Wit: No, and he was never investigated.
Pros: You mentioned several other individuals. Who did Taylor consult with the most about decisions he was to make?
Wit: There was the leader of our party, NPP – Cyril Allen. Sometimes with the Commissioner of Maritime Affairs, Benoni Urey. Sometimes he called himself Prime Minister, but that was just a joke.
Pros: When did Cyril Allen’s relationship with Taylor begin?
Wit: I don’t know how they met, but they were the best of friends for a very long time.
Pros: And Benoni Urey – when did Taylor’s relationship begin with him?
Wit: They were very old friends. The speaker at the time was also consulted on matters relating to government.
Pros: Who was the speaker?
Pros: You mentioned Belle Dunbar. When did Taylor’s relationship begin with her?
Wit: She was a friend of Taylor’s wife. She became head of LPRC.
Pros: When did that relationship begin?
Wit: I wouldn’t say.
Pros; When did the relationship with Grace Minor begin?
Wit: They were old friends.
Pros: And Kadiatu Finlay (ph)?
Wit: I don’t know, but she was a young girl and they met before he became president.
Pros: Who succeeded Nathaniel Barnes as Finance Minister?
Wit: Charles Bright. They were old friends.
Pros: What did Bright do before becoming finance minister?
Wit: I don’t know.
Pros; Who was in charge of the Central Bank of Liberia?
Wit: It was headed by another friend of Taylor’s who is Mr…. I will call the name later.
Pros: How long had they had a relationship?
Wit: They had been friends. This individual would come and they would greet each other like old friends.
Pros: Who appointed the head of the Central Bank?
Wit: President Taylor.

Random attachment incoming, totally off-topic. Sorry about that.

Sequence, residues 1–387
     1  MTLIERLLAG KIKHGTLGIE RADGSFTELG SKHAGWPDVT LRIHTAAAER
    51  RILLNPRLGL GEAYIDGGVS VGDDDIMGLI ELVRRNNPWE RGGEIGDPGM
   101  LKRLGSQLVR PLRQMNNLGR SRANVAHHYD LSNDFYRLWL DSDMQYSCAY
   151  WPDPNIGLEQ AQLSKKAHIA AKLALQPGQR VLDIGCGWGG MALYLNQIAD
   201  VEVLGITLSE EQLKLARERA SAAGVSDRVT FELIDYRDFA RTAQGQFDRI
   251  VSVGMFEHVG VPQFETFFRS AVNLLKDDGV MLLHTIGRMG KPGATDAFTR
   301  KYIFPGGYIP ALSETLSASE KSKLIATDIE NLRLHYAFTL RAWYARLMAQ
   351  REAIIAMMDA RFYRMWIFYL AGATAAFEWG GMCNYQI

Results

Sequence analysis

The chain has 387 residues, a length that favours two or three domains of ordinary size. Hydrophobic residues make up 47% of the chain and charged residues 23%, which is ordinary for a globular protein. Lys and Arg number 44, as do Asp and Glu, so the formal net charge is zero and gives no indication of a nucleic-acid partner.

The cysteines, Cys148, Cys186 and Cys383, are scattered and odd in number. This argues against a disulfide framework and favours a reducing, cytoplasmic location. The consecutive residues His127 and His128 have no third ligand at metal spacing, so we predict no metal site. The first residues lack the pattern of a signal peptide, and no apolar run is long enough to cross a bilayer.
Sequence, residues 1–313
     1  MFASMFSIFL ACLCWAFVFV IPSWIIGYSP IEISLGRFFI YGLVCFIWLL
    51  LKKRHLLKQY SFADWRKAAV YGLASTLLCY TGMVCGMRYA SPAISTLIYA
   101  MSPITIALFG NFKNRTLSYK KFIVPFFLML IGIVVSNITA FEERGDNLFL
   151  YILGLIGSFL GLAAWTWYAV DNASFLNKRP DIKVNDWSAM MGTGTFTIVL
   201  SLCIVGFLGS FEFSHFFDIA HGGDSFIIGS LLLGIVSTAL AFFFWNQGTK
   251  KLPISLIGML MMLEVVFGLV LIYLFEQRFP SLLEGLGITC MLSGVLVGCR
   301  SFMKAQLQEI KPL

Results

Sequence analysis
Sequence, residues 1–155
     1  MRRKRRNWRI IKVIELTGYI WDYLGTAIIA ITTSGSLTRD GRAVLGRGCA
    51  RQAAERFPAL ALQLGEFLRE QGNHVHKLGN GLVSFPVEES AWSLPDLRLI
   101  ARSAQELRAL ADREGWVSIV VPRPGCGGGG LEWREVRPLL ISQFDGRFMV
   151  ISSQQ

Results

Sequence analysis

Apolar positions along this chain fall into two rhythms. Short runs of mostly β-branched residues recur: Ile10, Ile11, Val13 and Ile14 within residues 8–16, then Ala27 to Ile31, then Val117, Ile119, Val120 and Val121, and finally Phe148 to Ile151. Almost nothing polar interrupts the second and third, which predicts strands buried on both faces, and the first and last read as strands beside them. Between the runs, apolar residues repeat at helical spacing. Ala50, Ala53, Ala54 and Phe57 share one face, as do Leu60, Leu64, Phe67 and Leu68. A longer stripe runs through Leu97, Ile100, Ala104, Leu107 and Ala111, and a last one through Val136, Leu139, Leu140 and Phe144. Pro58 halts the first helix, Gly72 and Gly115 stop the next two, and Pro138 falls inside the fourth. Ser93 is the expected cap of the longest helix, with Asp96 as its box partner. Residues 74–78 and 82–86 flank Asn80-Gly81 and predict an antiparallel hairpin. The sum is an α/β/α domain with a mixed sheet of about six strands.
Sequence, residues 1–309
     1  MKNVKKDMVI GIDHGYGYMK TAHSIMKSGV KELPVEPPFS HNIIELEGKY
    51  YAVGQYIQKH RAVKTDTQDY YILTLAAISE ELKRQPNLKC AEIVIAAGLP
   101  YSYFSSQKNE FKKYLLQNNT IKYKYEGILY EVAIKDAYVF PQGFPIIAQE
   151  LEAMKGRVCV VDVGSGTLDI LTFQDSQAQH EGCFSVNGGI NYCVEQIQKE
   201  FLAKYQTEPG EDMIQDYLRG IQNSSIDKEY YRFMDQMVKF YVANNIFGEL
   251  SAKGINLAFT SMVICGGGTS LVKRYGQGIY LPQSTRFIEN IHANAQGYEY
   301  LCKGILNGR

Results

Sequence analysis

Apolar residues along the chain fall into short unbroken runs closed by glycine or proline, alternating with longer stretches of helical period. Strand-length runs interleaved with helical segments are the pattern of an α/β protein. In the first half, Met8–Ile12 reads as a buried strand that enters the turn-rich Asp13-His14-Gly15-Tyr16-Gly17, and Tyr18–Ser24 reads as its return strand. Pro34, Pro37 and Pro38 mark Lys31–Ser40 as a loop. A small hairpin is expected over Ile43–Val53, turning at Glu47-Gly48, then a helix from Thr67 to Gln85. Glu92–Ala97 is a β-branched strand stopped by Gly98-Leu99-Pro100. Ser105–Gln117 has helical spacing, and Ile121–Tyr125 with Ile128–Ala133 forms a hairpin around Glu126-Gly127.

Pros: Let’s move to your own presidency. What did you do about the conflict in your country?
Wit: I became president within a week and I contacted ECOWAS to get permission to travel to my neighboring countries. I went to Sierra Leone, Guinea to meet the presidents. Then on to Côte d’Ivoire to meet Laurent Gbagbo. Lastly I went to Ghana to meet the president, who was chair of ECOWAS. Then on to Nigeria. Nigeria had played a large role in ensuring peace returned to Liberia. I met President Obasanjo.
Pros: What did you say to President Kabbah in Sierra Leone?
Wit: He welcomed me. We went to the State House. I said I was very very sorry. I told him in was not time for war during my presidency. I promised that there would be no cross-border attacks from my side. He promised too. He appreciated that I visited him. He promised to come to Monrovia the following week. I said it was not good that we fight. I said we should stop fighting. I told him if it happened in the past, I was sorry about it, but I would discourage that during my presidency.
Pros: What were you sorry for?
Wit: I told him that I was sorry because I saw what happened during Taylor’s presidency, and there were a lot of accusations that Bockarie was in Liberia and Liberians went into Sierra Leone to fight. I was sorry about those accusations.